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The Samsung Galaxy Tab 2 10.1 is a half-assed successor to the original Galaxy Tab 10.1 I reviewed last October. Engadget calls the Tab 2 10.1 “worse in almost every way” than the original Tab 10.1 — and I couldn’t put it better myself. With the exception of its good-for-a-tablet forward-pointing speakers and better-looking exterior, the Tab 2 10.1 is a pretty lackluster tablet.
What I like about the Samsung Galaxy Tab 2 10.1
The case is a big improvement. Forward-pointing speakers direct sound towards your ears instead of away from them — or at your lap. The back is sturdier, too, although it is still plastic. The whole tablet feels more solid than the first Tab 10.1.
Unfortunately, it is hard to see how the Tab 2 10.1 is supposed to be an upgrade. The screen is the same. The camera is a downgrade. The processor is slow. And the battery life has decreased.
What I don’t like about the Samsung Galaxy Tab 2 10.1
The hardware is worse in almost every way. Where the original Tab 10.1 was built to be Samsung’s flagship Androiud tablet, the Tab 2 10.1 hasn’t kept up with the competition. In some ways, it is even behind its predecessor.
For example, the new Tab 10.1 is heavier and thicker. Not a lot, but unlike other tablets, which added size in order to add batteries, the Tab 2 10.1 gets about an hour less on a charge. The display hasn’t changed, although I found the precision disappointing — and worse than I remember the original Tab 10.1. I was constantly hitting the wrong button or link — a problem I don’t even have on my 2+ year old Android phone.
The cameras are the same, too (and they are awful), but you no longer get a flash. The processor did get an upgrade, but most of the competition is on to speedier quad-core processors that leave the Tab 2 10.1 in the dust.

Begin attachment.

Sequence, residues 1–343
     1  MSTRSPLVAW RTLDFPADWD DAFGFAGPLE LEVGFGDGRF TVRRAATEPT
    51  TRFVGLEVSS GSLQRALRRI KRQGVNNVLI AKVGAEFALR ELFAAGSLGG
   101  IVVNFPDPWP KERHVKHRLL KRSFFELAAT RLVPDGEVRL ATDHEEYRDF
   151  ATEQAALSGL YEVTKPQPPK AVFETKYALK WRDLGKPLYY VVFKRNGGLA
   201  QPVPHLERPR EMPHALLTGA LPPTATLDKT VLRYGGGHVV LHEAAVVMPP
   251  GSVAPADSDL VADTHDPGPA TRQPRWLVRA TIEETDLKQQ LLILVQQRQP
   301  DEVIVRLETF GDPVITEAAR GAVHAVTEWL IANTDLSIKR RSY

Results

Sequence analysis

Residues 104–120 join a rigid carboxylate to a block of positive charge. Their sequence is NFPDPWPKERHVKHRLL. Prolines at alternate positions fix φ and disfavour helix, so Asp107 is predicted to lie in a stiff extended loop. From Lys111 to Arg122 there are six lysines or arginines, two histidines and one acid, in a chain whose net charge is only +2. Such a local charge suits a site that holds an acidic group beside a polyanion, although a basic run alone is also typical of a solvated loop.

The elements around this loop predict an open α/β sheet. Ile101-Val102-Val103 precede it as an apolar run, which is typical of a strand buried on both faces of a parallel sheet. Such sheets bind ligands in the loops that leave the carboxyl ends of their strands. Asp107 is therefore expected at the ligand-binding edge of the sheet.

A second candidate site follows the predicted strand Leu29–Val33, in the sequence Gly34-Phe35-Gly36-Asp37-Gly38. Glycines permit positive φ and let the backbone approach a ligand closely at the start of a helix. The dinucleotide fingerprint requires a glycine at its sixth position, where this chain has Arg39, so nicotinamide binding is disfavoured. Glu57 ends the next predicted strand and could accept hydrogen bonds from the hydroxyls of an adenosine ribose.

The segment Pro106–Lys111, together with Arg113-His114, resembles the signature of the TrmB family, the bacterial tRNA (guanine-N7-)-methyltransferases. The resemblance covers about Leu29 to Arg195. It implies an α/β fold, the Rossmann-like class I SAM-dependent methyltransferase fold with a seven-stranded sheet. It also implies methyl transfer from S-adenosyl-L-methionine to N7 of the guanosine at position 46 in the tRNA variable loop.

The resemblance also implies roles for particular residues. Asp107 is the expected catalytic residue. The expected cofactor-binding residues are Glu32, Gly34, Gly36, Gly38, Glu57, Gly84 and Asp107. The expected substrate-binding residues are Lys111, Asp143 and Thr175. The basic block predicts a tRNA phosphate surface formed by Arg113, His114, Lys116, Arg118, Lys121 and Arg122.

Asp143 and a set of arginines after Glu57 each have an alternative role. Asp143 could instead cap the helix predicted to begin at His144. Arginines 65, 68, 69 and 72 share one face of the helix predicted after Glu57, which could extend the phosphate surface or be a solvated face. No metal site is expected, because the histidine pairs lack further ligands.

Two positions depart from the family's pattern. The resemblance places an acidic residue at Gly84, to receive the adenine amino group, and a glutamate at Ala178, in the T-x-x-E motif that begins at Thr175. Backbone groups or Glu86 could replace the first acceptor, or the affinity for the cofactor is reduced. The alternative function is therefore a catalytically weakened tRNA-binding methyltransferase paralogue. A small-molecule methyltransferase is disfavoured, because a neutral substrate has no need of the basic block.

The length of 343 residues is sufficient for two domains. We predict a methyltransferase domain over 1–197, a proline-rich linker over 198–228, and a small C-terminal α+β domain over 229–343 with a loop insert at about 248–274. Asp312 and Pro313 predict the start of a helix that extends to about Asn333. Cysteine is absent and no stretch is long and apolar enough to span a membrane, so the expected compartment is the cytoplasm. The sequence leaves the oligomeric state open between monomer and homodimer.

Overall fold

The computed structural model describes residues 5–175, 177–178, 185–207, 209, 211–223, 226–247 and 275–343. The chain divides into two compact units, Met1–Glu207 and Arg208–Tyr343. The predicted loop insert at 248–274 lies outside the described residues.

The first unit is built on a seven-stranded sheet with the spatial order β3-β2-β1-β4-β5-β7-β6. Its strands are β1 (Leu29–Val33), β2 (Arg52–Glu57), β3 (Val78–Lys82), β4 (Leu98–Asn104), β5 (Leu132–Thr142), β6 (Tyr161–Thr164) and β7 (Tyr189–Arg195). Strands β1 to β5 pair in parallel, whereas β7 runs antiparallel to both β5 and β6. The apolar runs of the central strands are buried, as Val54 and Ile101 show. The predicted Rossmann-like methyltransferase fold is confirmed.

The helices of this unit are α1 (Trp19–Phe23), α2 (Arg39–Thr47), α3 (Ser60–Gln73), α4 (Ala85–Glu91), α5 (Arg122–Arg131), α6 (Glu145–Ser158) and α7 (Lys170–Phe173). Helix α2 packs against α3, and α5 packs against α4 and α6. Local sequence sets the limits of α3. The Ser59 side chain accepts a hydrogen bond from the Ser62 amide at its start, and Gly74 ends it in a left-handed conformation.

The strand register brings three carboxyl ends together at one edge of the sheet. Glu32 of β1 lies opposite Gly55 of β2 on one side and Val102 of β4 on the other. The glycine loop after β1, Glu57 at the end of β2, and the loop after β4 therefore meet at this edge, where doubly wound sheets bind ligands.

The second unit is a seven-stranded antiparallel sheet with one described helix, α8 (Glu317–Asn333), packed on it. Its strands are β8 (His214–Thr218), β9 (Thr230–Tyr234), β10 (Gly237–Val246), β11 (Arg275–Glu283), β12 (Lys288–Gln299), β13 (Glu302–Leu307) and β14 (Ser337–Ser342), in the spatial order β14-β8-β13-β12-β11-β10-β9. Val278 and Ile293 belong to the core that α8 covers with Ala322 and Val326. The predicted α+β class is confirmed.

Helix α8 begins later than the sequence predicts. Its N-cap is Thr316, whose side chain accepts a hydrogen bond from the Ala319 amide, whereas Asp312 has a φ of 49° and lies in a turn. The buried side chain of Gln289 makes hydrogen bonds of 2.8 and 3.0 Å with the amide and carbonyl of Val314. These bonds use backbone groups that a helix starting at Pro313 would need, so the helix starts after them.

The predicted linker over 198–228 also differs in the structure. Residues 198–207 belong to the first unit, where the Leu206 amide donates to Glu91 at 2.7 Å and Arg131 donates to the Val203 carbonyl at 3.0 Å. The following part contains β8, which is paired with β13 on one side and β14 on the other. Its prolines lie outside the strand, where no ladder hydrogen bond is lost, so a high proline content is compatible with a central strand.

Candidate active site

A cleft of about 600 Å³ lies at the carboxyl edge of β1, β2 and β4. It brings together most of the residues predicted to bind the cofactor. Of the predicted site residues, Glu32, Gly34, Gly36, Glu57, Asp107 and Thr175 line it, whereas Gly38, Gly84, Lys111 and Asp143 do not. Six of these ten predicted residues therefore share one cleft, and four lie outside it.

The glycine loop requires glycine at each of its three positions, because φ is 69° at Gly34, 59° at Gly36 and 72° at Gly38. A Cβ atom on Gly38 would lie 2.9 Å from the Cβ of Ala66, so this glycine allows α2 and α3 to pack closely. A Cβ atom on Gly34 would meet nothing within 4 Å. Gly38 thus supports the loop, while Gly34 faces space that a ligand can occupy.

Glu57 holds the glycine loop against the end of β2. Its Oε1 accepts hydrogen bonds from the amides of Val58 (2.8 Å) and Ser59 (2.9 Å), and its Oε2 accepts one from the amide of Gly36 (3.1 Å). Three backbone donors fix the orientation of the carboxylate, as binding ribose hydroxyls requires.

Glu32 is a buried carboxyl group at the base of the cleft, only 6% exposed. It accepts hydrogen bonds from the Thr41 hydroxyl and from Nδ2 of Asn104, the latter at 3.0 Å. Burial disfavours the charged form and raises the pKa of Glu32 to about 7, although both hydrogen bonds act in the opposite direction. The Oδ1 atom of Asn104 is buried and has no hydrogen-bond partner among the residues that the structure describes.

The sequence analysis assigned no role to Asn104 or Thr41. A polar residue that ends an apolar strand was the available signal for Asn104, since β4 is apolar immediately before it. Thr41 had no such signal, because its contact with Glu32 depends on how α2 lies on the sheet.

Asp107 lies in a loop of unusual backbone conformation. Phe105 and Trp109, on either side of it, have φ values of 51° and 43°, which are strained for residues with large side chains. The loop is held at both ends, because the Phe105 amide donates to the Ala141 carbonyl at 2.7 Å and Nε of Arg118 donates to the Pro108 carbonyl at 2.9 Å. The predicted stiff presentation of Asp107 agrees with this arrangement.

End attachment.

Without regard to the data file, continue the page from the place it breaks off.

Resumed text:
All this adds up to a sluggish experience, made worse by Samsung’s truly awful TouchWiz UI. TouchWiz is spectacularly bad. Every tweak Samsung made to Andriod, from the cartoony icons to removing Google Calendar to the awful Samsung keyboard, make the user experience worse. Plus, they slow everything down.
I wouldn’t mind TouchWiz if, like ASUS’s app layer, I could turn them off or ignore them. But I can’t. I can ignore the icons and install SwiftKey so I don’t have o use the cramped Samsung keyboard (you can’y use the Android keyboard; Samsung has locked it out), but I’m still stuck with S Planner instead of Google Calendar, and other dubious “improvements.” Plus, there’s the knowledge that OS upgrades will come late, if at all.
If you want a tablet, the iPad 2 is a better tablet for about the same price ($400). If you want an Android tablet, you can find better options for similar prices — like the ASUS Transformer TF300T.
Samsung Galaxy Tab 2 10.1
Reviewed by Sam Glover on .
Summary: Engadget calls the Tab 2 10.1 “worse in almost every way” than the original Tab 10.1 — and I couldn’t put it better myself.
Score: 2 (out of 5)